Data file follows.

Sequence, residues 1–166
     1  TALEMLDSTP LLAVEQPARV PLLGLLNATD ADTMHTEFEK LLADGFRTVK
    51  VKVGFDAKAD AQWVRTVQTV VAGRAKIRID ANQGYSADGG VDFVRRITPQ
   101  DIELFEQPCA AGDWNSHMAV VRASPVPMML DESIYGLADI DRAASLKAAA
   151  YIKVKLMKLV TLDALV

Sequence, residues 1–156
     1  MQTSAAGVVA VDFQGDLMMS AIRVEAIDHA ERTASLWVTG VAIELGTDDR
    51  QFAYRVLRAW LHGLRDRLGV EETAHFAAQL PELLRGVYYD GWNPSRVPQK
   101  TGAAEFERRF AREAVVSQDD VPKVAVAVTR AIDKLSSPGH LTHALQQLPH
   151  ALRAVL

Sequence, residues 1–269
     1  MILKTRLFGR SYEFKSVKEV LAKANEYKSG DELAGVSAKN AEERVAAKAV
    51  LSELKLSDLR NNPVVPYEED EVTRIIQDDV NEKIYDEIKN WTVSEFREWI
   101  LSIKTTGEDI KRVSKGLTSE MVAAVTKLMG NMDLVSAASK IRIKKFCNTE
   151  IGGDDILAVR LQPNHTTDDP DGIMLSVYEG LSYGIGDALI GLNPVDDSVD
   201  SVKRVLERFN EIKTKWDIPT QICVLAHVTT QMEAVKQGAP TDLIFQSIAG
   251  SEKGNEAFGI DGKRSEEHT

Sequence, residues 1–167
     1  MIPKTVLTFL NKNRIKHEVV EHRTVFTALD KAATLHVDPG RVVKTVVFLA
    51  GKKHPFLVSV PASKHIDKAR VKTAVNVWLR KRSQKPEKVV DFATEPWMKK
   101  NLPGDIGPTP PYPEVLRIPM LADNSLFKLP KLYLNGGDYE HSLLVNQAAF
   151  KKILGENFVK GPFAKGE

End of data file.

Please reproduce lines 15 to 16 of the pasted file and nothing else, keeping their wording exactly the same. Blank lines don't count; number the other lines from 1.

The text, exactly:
   151  IGGDDILAVR LQPNHTTDDP DGIMLSVYEG LSYGIGDALI GLNPVDDSVD
   201  SVKRVLERFN EIKTKWDIPT QICVLAHVTT QMEAVKQGAP TDLIFQSIAG